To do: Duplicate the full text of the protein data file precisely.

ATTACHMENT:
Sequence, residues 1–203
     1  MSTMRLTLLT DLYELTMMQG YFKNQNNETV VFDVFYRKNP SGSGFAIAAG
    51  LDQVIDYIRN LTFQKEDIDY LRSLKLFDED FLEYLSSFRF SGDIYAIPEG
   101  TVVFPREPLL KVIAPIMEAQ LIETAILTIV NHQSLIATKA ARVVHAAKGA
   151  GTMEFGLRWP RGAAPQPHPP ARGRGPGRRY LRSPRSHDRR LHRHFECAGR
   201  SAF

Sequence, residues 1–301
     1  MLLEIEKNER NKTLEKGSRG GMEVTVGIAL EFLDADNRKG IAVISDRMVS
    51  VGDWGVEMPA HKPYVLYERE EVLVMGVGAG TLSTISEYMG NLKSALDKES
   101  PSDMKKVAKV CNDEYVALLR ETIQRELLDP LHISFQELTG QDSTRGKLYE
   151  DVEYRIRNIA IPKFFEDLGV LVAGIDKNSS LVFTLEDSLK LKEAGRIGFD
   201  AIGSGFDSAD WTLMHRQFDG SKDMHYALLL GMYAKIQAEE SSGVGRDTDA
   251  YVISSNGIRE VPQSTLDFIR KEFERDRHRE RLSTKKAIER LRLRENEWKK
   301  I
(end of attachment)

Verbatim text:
Sequence, residues 1–203
     1  MSTMRLTLLT DLYELTMMQG YFKNQNNETV VFDVFYRKNP SGSGFAIAAG
    51  LDQVIDYIRN LTFQKEDIDY LRSLKLFDED FLEYLSSFRF SGDIYAIPEG
   101  TVVFPREPLL KVIAPIMEAQ LIETAILTIV NHQSLIATKA ARVVHAAKGA
   151  GTMEFGLRWP RGAAPQPHPP ARGRGPGRRY LRSPRSHDRR LHRHFECAGR
   201  SAF

Sequence, residues 1–301
     1  MLLEIEKNER NKTLEKGSRG GMEVTVGIAL EFLDADNRKG IAVISDRMVS
    51  VGDWGVEMPA HKPYVLYERE EVLVMGVGAG TLSTISEYMG NLKSALDKES
   101  PSDMKKVAKV CNDEYVALLR ETIQRELLDP LHISFQELTG QDSTRGKLYE
   151  DVEYRIRNIA IPKFFEDLGV LVAGIDKNSS LVFTLEDSLK LKEAGRIGFD
   201  AIGSGFDSAD WTLMHRQFDG SKDMHYALLL GMYAKIQAEE SSGVGRDTDA
   251  YVISSNGIRE VPQSTLDFIR KEFERDRHRE RLSTKKAIER LRLRENEWKK
   301  I